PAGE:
I need a couple of feeding tubes, and sometimes a chest port, to stay alive. One of the feeding tubes drains fluid out of my partially paralyzed stomach so it doesn’t overflow into my lungs. The other feeding tube goes straight into my small intestine, and you put all the food, water, and medication in there. That bypasses my stomach, which doesn’t empty properly so most things just sit there or backflow into my lungs instead of being used. People can need feeding tubes for lots of reasons, but in my case it’s to get around the fact that my stomach resembles a dead-end street. Luckily you don’t really need your stomach for digestion. Small intestines do it just fine.
There’s a lot of things people don’t understand about feeding tubes, but one of the objections I hear most often is that living with a feeding tube is ‘unnatural’. It’s modern medicine run amok, going too far, keeping people alive who’d be better off dead, and lots of other cheery bullshit. And the very idea creeps people out because it’s supposedly artificial, unnatural, and disturbing to even think about. It’s hard to know where to begin with that kind of thing, but I have a lot of objections to the idea it’s unnatural.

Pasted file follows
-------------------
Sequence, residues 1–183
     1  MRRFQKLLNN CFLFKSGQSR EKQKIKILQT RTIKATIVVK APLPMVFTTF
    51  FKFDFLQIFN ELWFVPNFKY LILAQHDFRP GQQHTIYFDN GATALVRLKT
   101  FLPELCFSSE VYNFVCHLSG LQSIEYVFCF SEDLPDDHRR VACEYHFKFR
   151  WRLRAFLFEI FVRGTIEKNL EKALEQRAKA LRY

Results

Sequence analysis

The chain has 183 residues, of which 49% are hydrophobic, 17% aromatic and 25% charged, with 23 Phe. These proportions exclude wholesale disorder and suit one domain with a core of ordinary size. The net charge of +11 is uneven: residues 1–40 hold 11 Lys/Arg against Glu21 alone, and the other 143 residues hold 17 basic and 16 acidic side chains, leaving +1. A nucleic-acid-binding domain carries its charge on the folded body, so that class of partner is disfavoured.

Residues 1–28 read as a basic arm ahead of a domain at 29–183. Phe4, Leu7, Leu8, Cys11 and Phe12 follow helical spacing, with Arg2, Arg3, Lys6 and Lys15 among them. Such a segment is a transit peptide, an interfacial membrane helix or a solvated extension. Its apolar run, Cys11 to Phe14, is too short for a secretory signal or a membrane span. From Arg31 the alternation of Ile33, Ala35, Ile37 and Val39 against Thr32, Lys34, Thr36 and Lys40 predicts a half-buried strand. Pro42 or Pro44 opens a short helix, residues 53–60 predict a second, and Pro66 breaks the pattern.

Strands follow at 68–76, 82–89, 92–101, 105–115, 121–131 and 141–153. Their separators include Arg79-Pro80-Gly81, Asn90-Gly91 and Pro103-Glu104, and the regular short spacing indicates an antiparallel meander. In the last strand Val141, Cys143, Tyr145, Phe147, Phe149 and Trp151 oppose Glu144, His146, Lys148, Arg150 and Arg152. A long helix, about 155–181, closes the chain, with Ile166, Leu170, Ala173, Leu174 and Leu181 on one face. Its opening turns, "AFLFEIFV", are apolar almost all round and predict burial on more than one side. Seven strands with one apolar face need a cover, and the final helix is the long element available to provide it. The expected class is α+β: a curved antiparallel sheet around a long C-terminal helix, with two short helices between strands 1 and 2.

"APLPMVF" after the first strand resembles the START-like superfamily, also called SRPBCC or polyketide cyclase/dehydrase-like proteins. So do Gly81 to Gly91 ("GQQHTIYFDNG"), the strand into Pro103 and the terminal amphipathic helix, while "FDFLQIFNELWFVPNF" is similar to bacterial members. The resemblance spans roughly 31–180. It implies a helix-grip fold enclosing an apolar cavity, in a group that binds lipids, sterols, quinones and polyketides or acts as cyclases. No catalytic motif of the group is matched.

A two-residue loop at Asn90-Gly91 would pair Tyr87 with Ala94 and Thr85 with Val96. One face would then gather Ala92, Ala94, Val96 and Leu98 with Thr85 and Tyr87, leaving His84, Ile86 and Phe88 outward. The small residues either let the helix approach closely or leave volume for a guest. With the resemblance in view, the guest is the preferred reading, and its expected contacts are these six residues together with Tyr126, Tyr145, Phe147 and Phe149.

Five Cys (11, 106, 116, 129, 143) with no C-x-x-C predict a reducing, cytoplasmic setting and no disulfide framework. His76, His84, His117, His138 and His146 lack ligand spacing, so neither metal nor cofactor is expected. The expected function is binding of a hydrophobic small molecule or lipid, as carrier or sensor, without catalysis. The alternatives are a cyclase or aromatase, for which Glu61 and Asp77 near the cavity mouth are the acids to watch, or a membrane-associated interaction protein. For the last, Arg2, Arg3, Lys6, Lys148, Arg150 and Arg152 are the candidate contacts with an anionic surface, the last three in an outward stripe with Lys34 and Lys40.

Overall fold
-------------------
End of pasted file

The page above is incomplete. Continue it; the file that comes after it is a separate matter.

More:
First off, human beings using technology to keep each other alive is the most natural thing we could possibly do. We are built to have compassion for each other, to take care of each other. We are built to solve problems, both alone and as groups. We pass on our knowledge and build on it from generation to generation. We are skilled at making and improving on technology. These are our natural skills, our natural instincts, and there is little more natural for a human being than using them.
Feeding tubes also aren’t that recent an invention. They date back at least to ancient Egypt, where they were tubes stuck up people’s butts to try to get food into them that way. Butt feeding tubes were the norm until people started figuring out how to use a tube down the throat to bypass the windpipe on the way to the stomach. They used those for everything from torturing and force-feeding prisoners to making picky children eat food they didn’t want. Butt tubes were still around though. When President Garfield was shot, they were able to keep him alive for awhile using a butt-based feeding tube.